Kristof Kossut arrived at an unlikely address for his first psychedelic experience. The 60-year-old New Yorker and professional yachtsman opened the door not to an after-hours techno party, but to the bright reception room at the Bluestone Center for Clinical Research, a large spa-like space occupying the second floor of New York University's College of Dentistry. Kossut was among the first subjects of an NYU investigation into the question: Can the mystical states of mind occasioned by psychedelic drugs help alleviate anxiety and depression in people with terminal and recurrent cancer?
Kossut had no idea, but in the spring of last year, he was looking for something, anything, that might improve his mental state. In 2008, he was diagnosed with cancer of the tonsils and put on a biweekly chemo and radiation regimen. He quickly lost his appetite, dropped weight and sank into a deep depression. When a friend sent him a news brief about the experimental NYU study, he applied.
Shortly before Kossut's arrival on the morning of his session, two clinic employees entered a high-security storage room, which just happens to face a painting of a white rabbit. From a massive steel combination safe they removed a bottle containing one gram of synthesized psilocybin, the psychoactive agent animating the 200-member fungus family commonly known as "magic mushrooms." The duo carefully measured the small container against the previous day's weight, as if securing a store of weapons-grade plutonium. They then pill-pressed an amount of powder containing 20 milligrams of the molecule, first identified in 1958 by the Swiss chemist Albert Hoffman, most famous for his other psychedelic synthesis, LSD-25.
They delivered the pill to a converted exam room gutted of its dental chair and refitted for comfort with holistic panache: plush pillow-strewn sofa, Persian carpet, Buddha statuettes, books on spirituality and mysticism, a high-performance sound system. Only the ceiling lighting track betrays the former identity of New York City's federally sanctioned psilocybin room.
Receiving the pill is Dr. Stephen Ross, a 40-year-old assistant professor of psychiatry at NYU Medical School and the cancer study's principal investigator. Ross has a precise scientific manner softened by an upbringing in Southern California, where his mother (also a doctor) took him to hospice centers as a child, sparking an interest in end-of-life issues. Now director of the addiction division at Bellevue, Ross is among the youngest of a new generation of psychedelic researchers. With his cancer study still two years away from publishing results, he is already looking ahead to testing psychedelic treatments for drug addiction and alcoholism.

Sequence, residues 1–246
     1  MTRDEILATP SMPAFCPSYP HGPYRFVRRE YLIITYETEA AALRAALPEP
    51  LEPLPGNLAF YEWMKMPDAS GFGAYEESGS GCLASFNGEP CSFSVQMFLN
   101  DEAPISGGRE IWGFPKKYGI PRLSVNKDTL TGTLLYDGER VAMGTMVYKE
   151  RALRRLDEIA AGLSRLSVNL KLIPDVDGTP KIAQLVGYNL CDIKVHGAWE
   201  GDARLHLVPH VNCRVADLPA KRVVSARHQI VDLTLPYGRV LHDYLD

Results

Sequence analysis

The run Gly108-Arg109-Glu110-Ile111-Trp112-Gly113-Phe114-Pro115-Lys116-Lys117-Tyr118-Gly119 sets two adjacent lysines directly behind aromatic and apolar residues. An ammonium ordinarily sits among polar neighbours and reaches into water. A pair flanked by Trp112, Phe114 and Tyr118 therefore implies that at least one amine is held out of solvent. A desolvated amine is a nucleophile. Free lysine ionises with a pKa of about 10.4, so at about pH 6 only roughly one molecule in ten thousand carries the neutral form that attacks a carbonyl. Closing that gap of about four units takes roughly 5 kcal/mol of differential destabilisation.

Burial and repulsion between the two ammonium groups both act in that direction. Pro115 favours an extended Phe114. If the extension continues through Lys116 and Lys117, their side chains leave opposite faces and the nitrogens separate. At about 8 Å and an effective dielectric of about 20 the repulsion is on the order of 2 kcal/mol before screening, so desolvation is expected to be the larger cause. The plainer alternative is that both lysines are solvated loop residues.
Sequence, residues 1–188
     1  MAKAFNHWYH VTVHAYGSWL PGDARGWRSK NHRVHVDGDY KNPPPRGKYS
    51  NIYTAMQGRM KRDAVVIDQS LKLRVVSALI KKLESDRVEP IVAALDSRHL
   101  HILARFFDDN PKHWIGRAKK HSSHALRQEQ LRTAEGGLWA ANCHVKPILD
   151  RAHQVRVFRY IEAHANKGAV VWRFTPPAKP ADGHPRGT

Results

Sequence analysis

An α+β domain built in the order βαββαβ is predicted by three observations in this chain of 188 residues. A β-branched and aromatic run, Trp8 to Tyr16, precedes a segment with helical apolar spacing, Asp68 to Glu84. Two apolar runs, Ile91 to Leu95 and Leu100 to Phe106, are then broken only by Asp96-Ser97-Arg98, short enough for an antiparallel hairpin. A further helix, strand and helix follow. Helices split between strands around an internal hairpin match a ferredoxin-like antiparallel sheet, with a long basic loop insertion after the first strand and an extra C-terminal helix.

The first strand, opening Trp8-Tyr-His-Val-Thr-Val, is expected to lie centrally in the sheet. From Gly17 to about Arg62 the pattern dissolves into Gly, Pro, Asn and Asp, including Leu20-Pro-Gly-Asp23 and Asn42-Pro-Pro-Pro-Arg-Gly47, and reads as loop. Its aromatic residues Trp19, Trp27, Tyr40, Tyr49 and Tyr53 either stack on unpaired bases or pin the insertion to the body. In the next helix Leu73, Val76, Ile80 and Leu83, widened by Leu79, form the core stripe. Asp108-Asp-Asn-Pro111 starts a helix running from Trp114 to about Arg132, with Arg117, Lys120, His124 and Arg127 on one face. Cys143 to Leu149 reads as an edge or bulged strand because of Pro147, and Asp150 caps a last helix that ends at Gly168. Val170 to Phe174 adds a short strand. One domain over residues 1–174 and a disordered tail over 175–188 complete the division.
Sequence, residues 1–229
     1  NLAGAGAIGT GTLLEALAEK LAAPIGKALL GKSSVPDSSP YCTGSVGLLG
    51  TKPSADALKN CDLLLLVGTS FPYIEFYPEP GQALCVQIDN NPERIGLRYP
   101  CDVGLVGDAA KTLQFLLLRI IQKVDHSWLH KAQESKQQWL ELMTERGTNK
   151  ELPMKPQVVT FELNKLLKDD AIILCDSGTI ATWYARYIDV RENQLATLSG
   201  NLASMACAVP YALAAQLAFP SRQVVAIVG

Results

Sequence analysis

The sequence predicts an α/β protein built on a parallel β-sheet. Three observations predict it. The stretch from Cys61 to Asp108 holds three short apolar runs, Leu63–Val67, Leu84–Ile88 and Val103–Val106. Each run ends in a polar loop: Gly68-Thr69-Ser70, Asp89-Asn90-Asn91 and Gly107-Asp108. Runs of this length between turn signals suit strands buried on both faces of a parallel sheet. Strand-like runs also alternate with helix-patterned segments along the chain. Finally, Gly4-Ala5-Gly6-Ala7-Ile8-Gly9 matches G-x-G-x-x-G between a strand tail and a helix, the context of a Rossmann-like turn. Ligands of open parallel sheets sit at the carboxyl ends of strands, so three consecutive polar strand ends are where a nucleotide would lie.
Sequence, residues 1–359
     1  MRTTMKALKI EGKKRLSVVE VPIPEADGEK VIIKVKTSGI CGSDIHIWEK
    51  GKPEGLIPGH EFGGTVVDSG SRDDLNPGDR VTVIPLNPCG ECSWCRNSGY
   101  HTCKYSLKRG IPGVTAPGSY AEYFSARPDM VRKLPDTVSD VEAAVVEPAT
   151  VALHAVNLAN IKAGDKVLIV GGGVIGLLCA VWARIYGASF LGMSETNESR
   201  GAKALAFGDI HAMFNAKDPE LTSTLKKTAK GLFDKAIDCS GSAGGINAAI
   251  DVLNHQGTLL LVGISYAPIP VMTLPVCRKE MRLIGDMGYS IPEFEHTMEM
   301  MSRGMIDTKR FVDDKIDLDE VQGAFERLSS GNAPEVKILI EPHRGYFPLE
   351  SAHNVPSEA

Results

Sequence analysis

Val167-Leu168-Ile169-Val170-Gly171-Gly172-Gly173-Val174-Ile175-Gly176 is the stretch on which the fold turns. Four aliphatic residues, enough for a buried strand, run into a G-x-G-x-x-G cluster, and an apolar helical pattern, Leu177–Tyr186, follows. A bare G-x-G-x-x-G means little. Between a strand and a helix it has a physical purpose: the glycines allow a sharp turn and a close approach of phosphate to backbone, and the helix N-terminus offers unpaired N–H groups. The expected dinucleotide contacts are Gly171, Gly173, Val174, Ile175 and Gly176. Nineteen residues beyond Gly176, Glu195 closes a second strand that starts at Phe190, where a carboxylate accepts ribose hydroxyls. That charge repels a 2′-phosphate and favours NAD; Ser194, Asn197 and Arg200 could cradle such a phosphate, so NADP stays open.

For now, Ross is fully focused on treating existential anxiety in people like Kossut, who lies on the couch, ready for his initiation into the psychedelic mysteries. In the research jargon, Kossut is "psychedelic naive." After swallowing the pill Ross presents -- in the cap of a ceremonial ceramic mushroom -- all he can do is close his eyes, lose himself in the preselected tabla drum and sitar music, and try to remember the advice to not fight it, to move ever deeper into the light, to let go ...
"It was absolutely incredible," remembers Kossut. "The first rush was a little scary as I realized it wasn't the placebo. That passed and next I was crossing boundaries of time and space and reality. I felt this weightlessness, this sense of being close to an unspeakable beauty that was unlike anything in my experience. For the first time since my diagnosis, I was not afraid of anything. The wall of depression that was building up day by day, the fear that I was going to die soon, that my daughter is only 8 -- all those things disappeared. I wanted to stay there. I wanted it to last longer."
It did. More than one year after his psilocybin session, Kossut reports greatly improved states of emotional and psychological well-being. "I walked out of the session happy, unafraid of death," he says. "I don't know why, but a transformation took place after being in that peaceful place. I relaxed. I started enjoying food again and was able to gain weight. The session taught me to be fully in the present. I'm optimistic. Mentally and physically, just better."
This glowing report -- based on a single dose of a naturally occurring, non-addictive, low-toxicity substance -- sounds impossible. Surely one pill can't succeed where months of traditional psychotherapy and antidepressants usually fail. According to science, that's not how drugs work. It's foreign to the model. But high success rates in ongoing concurrent studies at NYU and Johns Hopkins strongly suggest that Kossut's psilocybin-assisted psychological rebound is no fluke. So do the findings of a pilot project conducted by Dr. Charles Grob at UCLA. Between 2004 and 2008, Grob administered psilocybin to 12 cancer patients suffering fear, anxiety and depression. His data, published last year in the Archives of General Psychiatry, showed long-term diminished anxiety and improved mood in every subject. The NYU and Johns Hopkins studies build on Grob's pilot program with more subjects and higher doses. Midway through the research, their results are just as strong, signaling larger, multi-site trials to come.
"What appears to be going on with the psilocybin studies is a model system for creating 'quantum change,'" says Dr. Roland Griffiths, the behavioral biologist who oversees the Johns Hopkins study. "We've shown we can safely produce replicable effects."